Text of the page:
Japan to Subsidize Companies Expanding in Global South; AI, Semiconductor Supply Projects to Receive Subsidies

The Yomiuri Shimbun file photo
The Prime Minister’s Office in Tokyo

Japan plans to subsidize a portion of the costs for companies to expand their business in the emerging and developing countries known as the Global South. The government hopes to strengthen the competitiveness of Japanese companies by improving ties with these nations.

Global South nations have been hit by food and fuel shortages as well as rising prices due to the spread of the novel coronavirus and Russia’s aggression against Ukraine, but many of them are expected to show economic growth and are enhancing their presence in international politics.

The Japanese government will provide companies that conduct business or research and development in India, Southeast Asia and Africa with subsidies of about half of the project cost, up to several billion yen. The government also is considering providing greater subsidies to emerging companies as well as small and midsize enterprises.

As a cost for this, the government is currently working to allocate ¥140 billion for the project in the fiscal 2023 supplementary budget.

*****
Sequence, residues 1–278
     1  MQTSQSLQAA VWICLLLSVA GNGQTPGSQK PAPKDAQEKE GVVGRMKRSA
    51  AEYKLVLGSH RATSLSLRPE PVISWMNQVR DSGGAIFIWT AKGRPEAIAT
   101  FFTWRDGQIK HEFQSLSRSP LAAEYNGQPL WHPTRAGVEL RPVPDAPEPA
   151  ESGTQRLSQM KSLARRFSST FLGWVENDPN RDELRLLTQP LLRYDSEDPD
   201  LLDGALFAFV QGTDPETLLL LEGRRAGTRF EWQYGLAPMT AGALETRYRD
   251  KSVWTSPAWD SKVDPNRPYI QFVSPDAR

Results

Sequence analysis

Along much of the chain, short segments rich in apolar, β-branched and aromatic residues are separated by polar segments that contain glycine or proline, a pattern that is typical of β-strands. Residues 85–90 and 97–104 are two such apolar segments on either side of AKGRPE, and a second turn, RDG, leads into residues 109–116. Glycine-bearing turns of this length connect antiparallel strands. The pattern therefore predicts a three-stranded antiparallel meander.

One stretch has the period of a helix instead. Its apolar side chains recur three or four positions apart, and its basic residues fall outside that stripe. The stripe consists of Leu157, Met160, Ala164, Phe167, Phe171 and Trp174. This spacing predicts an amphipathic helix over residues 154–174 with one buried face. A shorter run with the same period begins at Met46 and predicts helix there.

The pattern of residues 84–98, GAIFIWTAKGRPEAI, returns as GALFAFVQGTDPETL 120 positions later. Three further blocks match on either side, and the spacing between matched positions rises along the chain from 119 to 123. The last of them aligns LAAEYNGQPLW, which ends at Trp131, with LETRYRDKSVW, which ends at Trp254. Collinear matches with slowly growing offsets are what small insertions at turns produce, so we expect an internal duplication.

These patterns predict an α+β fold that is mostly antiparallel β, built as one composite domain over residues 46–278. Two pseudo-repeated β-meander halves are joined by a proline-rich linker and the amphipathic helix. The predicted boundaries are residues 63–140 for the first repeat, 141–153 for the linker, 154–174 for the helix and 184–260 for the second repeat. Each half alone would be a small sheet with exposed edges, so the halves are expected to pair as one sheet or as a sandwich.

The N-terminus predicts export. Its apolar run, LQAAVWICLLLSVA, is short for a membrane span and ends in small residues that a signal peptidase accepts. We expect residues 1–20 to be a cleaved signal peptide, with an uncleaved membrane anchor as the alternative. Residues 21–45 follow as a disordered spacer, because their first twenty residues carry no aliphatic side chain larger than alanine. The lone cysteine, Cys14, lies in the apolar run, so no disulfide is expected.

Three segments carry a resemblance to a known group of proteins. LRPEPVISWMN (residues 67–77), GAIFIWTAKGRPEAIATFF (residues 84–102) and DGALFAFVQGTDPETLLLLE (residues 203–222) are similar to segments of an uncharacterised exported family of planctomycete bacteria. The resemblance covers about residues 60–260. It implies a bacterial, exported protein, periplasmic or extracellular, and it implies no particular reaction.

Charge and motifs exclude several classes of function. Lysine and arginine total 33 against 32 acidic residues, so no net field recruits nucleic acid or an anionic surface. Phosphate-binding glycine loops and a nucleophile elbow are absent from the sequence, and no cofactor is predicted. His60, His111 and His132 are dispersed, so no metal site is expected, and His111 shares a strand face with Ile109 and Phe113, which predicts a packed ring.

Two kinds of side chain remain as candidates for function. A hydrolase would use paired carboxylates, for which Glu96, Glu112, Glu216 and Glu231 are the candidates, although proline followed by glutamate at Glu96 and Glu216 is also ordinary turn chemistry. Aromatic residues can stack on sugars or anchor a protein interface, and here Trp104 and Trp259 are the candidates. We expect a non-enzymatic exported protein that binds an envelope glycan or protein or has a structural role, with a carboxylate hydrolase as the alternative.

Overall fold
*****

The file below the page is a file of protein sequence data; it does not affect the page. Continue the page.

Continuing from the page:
Specifically, the government would like to contribute to projects that can make use of Japan’s latest technologies, such as artificial intelligence. While helping develop the industries and human resources of partner countries, the government wants the projects to lead to technological innovations for Japanese companies based on expertise and experience gained in the foreign nations.

The government is likely to target with subsidies businesses that are expected to strengthen the supply chain of semiconductors and other items, or that help increase Japan’s exports. The range is wide, from health care to telecommunications and finance.

Other envisioned projects will include the construction of a payment system using blockchain technology, which stores and manages transaction data across a network of computers, and the expansion of manufacturing facilities of strong, yet lightweight carbon fiber.

The enhancing of cooperation with the Global South is becoming increasingly important for Japan. The population of the Global South, which includes India, whose population has overtaken China’s as the world’s largest, is projected to account for two-thirds of the world’s total population in 2050. With their rising gross domestic product, the Global South is becoming increasingly attractive as a market with potential for economic growth.

Countries such as Chile, Indonesia and Vietnam are nations that mine key minerals used in the production of electric vehicles. The benefits of collaborating with them are significant from the perspective of economic security.

While tensions are escalating between advanced democratic countries such as the United States and European nations and authoritarian states such as China and Russia, many emerging countries are trying to maintain a nonaligned position. Japan hopes to build a relationship with the Global South, where both sides can benefit from business, and broaden their understanding of the concept of a free and open Indo-Pacific.